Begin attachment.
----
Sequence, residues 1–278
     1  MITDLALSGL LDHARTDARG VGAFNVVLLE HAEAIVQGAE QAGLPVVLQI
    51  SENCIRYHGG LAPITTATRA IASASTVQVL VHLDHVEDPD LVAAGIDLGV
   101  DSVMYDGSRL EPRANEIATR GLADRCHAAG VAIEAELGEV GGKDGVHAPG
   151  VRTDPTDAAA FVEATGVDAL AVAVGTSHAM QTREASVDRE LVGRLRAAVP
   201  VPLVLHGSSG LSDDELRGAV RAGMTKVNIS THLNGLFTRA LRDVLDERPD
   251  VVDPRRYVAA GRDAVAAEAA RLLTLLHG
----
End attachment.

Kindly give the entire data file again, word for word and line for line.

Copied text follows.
Sequence, residues 1–278
     1  MITDLALSGL LDHARTDARG VGAFNVVLLE HAEAIVQGAE QAGLPVVLQI
    51  SENCIRYHGG LAPITTATRA IASASTVQVL VHLDHVEDPD LVAAGIDLGV
   101  DSVMYDGSRL EPRANEIATR GLADRCHAAG VAIEAELGEV GGKDGVHAPG
   151  VRTDPTDAAA FVEATGVDAL AVAVGTSHAM QTREASVDRE LVGRLRAAVP
   201  VPLVLHGSSG LSDDELRGAV RAGMTKVNIS THLNGLFTRA LRDVLDERPD
   251  VVDPRRYVAA GRDAVAAEAA RLLTLLHG